Negotiations over the next fiscal year state budget are headed into crunch time. Interest groups on all sides – including the Arizona Chamber of Commerce and Industry – are making their pitch to lawmakers and the Governor’s Office for their priority item to be included in the final package.
One of our top priorities is Results-Based Funding for K-12 education. It’s also a priority for Gov. Doug Ducey. The Chamber believes it’s the best opportunity to sustain and grow our best schools and positively impact the lives of more kids.
The plan is not without its critics, however. Their claims, though, could use a little myth-busting.
First, this isn’t a funding structure designed for a few select schools.
The governor’s proposal makes the largest investment in high-poverty and low-income schools. In fact, those schools getting results in the highest poverty neighborhoods receive almost double the results funding of higher income schools.
Despite claims to the contrary from some corners, schools with 30-59 percent of their kids in poverty are not wealthy. They have a diverse population and the challenges that go with it. Combined with the high-poverty cohort, they make up the bulk of the schools receiving funding under the governor’s plan.
And we’re talking about both charter schools and district schools. It’s a variety of small, large, urban and rural public schools of all stripes that will be the recipients of this funding. They are all beating the odds and ready to serve more students or teach others how to do what they do.
There’s also a tired argument that schools that are in higher income areas don’t need additional recognition or encouragement to expand.
Rewarding excellence in district and charter schools is important in every neighborhood. Being in a good neighborhood doesn’t automatically make you a good school. All parents work hard to find a good fit for their children and are not immune from having kids in a neighborhood school that underserves their child’s potential.
Parents from all backgrounds strive for their children to go to great schools and they have a right to do so. Results-Based Funding helps clear the path for that to happen.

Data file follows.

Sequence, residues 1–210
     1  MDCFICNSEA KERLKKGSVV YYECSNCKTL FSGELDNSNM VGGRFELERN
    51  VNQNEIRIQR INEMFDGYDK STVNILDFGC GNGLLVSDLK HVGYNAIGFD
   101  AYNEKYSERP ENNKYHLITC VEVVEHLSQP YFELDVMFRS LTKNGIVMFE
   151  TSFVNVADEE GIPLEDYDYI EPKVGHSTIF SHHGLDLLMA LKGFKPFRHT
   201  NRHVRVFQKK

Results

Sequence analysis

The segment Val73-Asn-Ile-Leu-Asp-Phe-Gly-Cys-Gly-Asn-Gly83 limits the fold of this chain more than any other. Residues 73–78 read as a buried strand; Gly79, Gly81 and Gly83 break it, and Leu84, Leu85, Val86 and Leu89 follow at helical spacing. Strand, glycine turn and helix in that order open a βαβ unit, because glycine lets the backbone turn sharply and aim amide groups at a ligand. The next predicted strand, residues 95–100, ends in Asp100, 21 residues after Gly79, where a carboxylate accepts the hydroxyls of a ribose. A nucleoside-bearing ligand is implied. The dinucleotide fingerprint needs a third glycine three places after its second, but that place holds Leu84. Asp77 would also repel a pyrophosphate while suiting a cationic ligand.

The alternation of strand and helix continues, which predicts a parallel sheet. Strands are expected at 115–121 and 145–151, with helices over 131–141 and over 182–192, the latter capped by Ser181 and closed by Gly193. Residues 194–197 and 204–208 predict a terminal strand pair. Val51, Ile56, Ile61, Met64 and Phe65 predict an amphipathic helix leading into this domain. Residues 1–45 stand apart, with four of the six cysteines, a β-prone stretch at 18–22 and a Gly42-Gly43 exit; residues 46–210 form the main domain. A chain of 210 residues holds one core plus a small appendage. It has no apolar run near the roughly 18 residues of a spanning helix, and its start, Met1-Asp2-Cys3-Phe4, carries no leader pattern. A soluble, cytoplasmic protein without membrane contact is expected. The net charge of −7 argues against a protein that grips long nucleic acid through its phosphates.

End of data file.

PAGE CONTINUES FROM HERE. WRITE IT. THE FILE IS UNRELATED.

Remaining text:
Along with the skepticism of recognizing the good work of schools that happen to be in higher-income areas, comes the claim that failing schools need additional dollars to turn themselves around.
But we know now that more money doesn’t make schools better; a decision to improve does.
The Obama Administration sank billions into School Improvement Grants to help states’ lowest performing schools improve. Research shows that most of the schools that received funding stayed the same or actually got worse.
Tragically, when schools that receive school improvement dollars actually do improve, they lose access to the funding-for-failure stream of dollars and their budgets shrink. Results-Based Funding will help stop what happens to communities like Ajo when they move from an “F” to an “A” and, as a result, lose money because they’re no longer eligible to receive the extra funding that goes with low performance.
The state and federal governments fund dozens of characteristics of a school, but being great currently isn’t one of them. Arizona’s best schools have to sustain their impact on their own.
Recognizing and rewarding excellence somehow is a radical idea in education funding, but it shouldn’t be. Gov. Ducey’s Results-Based Funding changes that by lending a hand to those that are great to help grow their work and serve more kids.
Glenn Hamer is the president and CEO of the Arizona Chamber of Commerce and Industry